COLORADO SPRINGS — After a huge drop last year, local hotel occupancy skyrocketed in June reaching the third highest in the nation.
In a report from the Rocky Mountain Lodging Association, room occupancy rates in 2020 declined to a little over 40% for the entire year and now occupancy rates are at 85% – a huge jump up.
The occupancy rate in Colorado Springs ranked behind two cities in Florida and Tennessee but was far ahead of the nationwide average of 66.1%.
The increase in tourism can be felt across Colorado Springs from local stores to attractions to hotels. Antlers Hotel manager, Arron Duff said they have seen a huge increase at their hotel properties.
“We’re about 150% growth from last year during COVID times so super busy but we welcome it,” Duff said.
He said the summer months have brought in a huge increase of travelers wanting to stay longer to experience the city and its surroundings.
“Our occupancies are 100% not only Thursday, Friday, and Saturday like it used to be but we are seeing stay through Sunday, Monday, and Tuesday which is really good,” Duff said.
Visit Colorado Springs CEO, Doug Price has been watching the growth in tourism closely and said with the return in business travelers this year it’s made a huge difference.
“The vacationers that came last summer, they’re back but they are also in hotels with people that are here on business which is getting a little more back to normal,” Price said.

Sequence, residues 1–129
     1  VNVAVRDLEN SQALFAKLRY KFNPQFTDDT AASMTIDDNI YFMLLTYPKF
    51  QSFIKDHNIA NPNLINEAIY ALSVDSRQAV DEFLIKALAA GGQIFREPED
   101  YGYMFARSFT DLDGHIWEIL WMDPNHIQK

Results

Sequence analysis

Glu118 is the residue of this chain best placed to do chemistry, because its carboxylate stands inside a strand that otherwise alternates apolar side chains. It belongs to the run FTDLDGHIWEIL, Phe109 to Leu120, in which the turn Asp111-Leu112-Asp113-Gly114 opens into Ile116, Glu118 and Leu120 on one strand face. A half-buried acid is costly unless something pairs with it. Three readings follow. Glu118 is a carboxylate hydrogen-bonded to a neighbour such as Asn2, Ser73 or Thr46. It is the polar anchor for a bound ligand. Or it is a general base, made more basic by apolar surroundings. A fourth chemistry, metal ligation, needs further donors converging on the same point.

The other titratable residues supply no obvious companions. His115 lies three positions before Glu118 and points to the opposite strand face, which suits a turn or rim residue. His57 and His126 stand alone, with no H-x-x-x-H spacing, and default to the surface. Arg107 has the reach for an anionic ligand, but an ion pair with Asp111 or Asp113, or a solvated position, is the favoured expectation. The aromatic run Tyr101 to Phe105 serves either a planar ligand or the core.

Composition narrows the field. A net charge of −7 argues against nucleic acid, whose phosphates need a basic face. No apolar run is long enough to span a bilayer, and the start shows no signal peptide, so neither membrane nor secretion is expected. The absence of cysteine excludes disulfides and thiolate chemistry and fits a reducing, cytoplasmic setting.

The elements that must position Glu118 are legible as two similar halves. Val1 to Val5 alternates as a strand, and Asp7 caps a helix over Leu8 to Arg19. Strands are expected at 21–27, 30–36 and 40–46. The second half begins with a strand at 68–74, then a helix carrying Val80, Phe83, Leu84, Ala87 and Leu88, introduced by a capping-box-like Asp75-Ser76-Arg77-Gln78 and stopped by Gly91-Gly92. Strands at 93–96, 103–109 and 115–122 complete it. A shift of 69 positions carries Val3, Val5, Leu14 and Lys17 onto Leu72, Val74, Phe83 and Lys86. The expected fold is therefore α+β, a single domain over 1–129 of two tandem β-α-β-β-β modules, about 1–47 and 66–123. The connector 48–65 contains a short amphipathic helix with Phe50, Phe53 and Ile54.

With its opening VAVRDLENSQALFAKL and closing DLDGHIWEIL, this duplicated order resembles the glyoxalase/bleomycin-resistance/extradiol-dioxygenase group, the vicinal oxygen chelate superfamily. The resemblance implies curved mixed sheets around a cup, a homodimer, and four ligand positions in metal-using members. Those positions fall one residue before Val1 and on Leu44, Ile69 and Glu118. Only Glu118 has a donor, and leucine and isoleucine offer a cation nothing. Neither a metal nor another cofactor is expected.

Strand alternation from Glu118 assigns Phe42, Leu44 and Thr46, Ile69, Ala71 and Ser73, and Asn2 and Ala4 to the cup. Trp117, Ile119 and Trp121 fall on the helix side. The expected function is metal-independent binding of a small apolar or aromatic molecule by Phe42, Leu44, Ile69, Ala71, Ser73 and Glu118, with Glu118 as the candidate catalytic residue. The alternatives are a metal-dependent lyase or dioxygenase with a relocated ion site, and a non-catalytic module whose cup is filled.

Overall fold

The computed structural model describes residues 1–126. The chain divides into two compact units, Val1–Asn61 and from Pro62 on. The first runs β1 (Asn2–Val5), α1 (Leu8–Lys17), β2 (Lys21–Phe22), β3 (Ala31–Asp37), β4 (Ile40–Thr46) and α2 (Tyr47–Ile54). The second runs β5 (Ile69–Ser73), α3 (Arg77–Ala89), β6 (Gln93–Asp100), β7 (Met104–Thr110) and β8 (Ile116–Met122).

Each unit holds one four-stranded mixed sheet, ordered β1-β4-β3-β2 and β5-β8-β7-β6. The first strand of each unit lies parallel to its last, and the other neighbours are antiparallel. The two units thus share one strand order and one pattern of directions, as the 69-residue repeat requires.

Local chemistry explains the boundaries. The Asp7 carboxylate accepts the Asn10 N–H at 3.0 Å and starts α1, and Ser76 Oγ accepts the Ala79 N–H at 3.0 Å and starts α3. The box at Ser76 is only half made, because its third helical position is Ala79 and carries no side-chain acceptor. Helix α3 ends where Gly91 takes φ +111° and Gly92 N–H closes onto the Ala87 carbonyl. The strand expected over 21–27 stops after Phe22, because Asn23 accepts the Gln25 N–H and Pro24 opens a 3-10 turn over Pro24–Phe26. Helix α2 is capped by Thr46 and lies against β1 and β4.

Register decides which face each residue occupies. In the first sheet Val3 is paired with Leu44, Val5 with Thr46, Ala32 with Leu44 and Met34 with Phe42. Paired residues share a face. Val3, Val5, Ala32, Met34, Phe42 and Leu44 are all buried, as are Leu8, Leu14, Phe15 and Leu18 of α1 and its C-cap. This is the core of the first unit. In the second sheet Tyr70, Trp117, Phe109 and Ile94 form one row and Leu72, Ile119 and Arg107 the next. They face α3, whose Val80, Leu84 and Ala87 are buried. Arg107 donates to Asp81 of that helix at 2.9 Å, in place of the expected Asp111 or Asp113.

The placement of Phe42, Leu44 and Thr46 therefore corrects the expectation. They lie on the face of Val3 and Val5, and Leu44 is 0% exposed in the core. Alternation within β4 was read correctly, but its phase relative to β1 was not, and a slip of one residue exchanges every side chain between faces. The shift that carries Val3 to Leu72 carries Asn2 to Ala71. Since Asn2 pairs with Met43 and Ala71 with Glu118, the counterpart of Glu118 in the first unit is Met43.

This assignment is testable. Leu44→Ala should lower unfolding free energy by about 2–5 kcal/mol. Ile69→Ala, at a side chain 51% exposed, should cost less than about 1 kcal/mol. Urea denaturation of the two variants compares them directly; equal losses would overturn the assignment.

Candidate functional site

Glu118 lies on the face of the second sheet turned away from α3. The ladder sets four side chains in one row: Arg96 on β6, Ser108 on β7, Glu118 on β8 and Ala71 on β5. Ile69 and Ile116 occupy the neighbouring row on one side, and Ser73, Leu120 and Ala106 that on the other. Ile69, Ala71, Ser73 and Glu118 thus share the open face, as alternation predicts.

Price said the hotel and travel industry was hit harder than any other industry from a global standpoint, not just in Colorado Springs.
With the increase in tourism, hotel prices are going up as well. Jumping 45% from 2020 to an average price of $155 a night this year.
“They’re able to charge a little bit more back to 20-19 levels, they are able to hire more people and provide even better levels of service,” Price said.
One setback the industry is still trying to overcome is the lack of workers.
“We’re lacking in all facets of the hotel. Front desk, housekeeping, food, and beverage… We are facing 100% occupancy with about 40% of staff,” Duff said.
Price said the lack of workers is being felt across the city not just for hotels.
“You hear them say I would hire 100 more people if we could and we’re hearing that from attractions as well,” Price said.
But for the staff back at work, they say they are happy to be back.
“I’ve been in hospitality for 20 plus years, so to survive coming out of COVID it’s actually a relief,” Duff said.